East and Central African Journal of Surgery
Association of Surgeons of East Africa and College of Surgeons of East Central and Southern Africa
Vol. 11, No. 1, 2006, pp. 102-107
Bioline Code: js06023
Full paper language: English
Document type: Research Article
Document available free of charge
East and Central African Journal of Surgery, Vol. 11, No. 1, 2006, pp. 102-107
© Copyright 2006 - East and Central African Journal of Surgery
Warm-Blooded Animal Bites|
R.A. Dieter, Robert S. Dieter, R.A. Dieter, D.L. Dieter, J.D.
Domestic animals are the major cause of warm-blooded animal bites around the world. The dog, the cat and human bites are the most common animal bites creating major medical and health care concerns requiring medical treatment. Transmitted zoonotic diseases (especially viral) as well as the long-term consequences of the injury are of important concern. Prevention is key both in avoidance of contact and in proper immunization and vaccination evaluation. Treatment requires appropriate examination and procedural care. Soaking and cleansing may be all that is necessary or extensive radical debridement and long-term hospitalization to avoid serious deformity and death.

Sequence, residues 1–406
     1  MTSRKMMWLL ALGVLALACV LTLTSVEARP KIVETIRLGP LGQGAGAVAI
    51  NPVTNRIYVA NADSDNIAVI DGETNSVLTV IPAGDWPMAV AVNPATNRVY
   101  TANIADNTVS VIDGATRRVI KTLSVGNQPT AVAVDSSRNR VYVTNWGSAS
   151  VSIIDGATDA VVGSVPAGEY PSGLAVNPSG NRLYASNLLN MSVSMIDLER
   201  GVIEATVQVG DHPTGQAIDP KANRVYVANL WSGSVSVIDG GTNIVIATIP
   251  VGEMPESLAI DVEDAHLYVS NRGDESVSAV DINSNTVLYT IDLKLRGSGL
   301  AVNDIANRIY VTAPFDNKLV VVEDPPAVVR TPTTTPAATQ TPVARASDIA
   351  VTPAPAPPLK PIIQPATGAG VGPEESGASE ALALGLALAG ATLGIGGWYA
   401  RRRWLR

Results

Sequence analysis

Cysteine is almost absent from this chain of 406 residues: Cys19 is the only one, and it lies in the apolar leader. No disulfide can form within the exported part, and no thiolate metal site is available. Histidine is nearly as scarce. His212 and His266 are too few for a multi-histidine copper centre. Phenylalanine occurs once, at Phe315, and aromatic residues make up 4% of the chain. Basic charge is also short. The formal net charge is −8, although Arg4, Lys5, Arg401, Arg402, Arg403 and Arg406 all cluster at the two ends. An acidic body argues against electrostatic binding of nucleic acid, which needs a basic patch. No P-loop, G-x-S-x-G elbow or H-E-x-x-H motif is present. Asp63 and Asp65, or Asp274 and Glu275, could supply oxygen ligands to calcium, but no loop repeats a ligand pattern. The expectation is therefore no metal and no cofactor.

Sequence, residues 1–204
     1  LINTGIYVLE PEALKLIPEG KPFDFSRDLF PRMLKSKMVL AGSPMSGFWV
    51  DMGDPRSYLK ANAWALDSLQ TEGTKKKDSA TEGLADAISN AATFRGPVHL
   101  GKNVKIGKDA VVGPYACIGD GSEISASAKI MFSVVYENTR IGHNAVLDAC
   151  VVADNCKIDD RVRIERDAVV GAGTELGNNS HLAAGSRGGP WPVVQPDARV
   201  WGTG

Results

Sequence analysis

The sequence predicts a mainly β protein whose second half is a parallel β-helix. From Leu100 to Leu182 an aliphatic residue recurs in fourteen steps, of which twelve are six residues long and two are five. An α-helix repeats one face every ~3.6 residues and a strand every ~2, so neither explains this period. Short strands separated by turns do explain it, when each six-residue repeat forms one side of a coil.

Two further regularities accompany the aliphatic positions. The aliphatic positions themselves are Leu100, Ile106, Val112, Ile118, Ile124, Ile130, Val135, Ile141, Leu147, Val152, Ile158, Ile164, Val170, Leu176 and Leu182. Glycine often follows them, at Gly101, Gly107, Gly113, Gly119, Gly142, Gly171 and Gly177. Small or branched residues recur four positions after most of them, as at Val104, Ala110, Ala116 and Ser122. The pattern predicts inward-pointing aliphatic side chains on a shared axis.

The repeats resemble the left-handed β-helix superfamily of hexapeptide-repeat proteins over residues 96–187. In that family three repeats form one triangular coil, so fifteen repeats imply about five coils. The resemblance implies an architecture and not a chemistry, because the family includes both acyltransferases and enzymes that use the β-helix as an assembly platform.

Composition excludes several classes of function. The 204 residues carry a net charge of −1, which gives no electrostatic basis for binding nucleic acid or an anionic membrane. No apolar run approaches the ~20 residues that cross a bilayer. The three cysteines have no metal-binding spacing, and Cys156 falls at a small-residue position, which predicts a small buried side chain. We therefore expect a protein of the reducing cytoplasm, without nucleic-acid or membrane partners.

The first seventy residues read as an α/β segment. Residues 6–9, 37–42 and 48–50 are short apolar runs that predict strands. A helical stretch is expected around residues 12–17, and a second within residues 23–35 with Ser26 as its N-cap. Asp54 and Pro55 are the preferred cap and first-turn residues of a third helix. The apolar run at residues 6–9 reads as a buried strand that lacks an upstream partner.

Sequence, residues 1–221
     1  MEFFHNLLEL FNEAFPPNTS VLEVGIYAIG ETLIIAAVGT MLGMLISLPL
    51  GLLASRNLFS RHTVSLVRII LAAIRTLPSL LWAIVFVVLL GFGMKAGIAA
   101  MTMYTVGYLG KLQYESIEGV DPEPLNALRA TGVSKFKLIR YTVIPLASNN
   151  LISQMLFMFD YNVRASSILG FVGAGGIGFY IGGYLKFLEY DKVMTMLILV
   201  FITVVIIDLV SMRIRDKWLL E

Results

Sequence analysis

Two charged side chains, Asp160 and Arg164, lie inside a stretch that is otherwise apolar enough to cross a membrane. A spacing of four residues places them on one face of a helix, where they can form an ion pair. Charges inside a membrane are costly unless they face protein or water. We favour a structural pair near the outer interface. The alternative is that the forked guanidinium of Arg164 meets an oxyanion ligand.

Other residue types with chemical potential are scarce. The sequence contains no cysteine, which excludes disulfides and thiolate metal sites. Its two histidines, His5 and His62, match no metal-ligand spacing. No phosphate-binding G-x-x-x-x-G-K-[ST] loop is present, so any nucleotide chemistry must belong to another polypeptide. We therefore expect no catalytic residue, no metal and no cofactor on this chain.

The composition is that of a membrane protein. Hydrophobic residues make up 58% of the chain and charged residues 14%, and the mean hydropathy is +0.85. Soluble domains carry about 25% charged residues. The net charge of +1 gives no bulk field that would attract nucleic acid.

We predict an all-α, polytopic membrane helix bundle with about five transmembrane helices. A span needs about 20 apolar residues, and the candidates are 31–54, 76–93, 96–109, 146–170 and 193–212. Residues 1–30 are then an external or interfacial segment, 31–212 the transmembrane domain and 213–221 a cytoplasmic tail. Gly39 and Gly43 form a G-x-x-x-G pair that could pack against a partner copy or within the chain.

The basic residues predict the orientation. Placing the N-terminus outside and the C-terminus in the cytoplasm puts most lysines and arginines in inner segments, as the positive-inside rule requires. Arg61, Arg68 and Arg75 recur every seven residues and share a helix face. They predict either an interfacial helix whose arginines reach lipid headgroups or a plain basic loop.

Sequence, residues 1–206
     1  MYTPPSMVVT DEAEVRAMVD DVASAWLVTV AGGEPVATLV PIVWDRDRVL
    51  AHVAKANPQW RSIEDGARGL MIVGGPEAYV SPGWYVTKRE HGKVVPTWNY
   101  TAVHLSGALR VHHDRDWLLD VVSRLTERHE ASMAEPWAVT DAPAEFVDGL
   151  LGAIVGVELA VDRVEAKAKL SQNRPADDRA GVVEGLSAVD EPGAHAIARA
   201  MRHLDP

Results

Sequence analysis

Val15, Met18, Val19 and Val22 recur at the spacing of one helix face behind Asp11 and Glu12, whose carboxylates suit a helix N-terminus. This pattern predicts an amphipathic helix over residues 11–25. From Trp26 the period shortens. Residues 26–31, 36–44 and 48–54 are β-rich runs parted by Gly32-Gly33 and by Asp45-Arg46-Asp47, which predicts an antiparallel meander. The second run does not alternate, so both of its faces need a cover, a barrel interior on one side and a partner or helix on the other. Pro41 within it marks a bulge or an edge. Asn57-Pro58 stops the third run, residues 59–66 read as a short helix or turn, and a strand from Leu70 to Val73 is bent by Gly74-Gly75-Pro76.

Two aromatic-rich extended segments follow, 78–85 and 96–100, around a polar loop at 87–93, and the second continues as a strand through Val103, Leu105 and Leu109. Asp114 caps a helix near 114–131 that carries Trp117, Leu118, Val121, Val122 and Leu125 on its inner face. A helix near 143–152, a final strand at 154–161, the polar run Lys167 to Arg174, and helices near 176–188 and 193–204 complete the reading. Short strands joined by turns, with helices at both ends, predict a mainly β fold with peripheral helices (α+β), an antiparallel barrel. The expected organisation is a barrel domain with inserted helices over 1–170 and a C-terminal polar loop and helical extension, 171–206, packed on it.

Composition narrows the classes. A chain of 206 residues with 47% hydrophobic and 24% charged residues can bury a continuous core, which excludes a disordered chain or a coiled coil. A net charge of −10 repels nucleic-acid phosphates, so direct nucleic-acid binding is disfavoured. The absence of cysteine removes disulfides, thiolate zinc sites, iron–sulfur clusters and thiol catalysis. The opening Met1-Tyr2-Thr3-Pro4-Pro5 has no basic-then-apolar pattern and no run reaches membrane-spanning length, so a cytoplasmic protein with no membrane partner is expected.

Mammalian or Warm-blooded animal bites occur with a high frequency around the world. It is estimated that one half of the world’s population will be bitten at some time during their life. Thus, avoidance is key.